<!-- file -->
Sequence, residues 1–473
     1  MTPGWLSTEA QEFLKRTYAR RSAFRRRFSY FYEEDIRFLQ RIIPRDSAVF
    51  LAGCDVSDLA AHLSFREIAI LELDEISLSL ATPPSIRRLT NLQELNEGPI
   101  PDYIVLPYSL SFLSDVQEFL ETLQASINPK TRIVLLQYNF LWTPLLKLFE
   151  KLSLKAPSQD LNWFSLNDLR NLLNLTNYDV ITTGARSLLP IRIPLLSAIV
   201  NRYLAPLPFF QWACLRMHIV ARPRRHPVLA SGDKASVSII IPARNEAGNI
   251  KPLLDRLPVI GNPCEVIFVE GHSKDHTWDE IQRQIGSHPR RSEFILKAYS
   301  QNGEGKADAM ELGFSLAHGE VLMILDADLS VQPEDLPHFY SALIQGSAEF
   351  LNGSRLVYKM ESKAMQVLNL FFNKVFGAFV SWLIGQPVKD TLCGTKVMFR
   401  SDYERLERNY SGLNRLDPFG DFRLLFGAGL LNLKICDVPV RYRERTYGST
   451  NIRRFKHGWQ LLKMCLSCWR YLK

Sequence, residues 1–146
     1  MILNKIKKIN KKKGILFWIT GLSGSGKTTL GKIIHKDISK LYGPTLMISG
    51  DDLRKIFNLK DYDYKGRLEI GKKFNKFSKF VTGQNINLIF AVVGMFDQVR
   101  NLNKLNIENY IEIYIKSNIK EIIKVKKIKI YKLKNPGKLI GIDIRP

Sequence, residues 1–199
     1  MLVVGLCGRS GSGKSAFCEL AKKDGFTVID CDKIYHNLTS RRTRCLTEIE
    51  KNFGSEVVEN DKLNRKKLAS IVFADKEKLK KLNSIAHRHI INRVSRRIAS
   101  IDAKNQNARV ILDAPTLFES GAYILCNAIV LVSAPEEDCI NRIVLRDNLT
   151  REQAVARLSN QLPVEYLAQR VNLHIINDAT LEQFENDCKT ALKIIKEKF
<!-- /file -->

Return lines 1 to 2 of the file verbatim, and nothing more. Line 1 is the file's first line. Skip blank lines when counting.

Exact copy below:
Sequence, residues 1–473
     1  MTPGWLSTEA QEFLKRTYAR RSAFRRRFSY FYEEDIRFLQ RIIPRDSAVF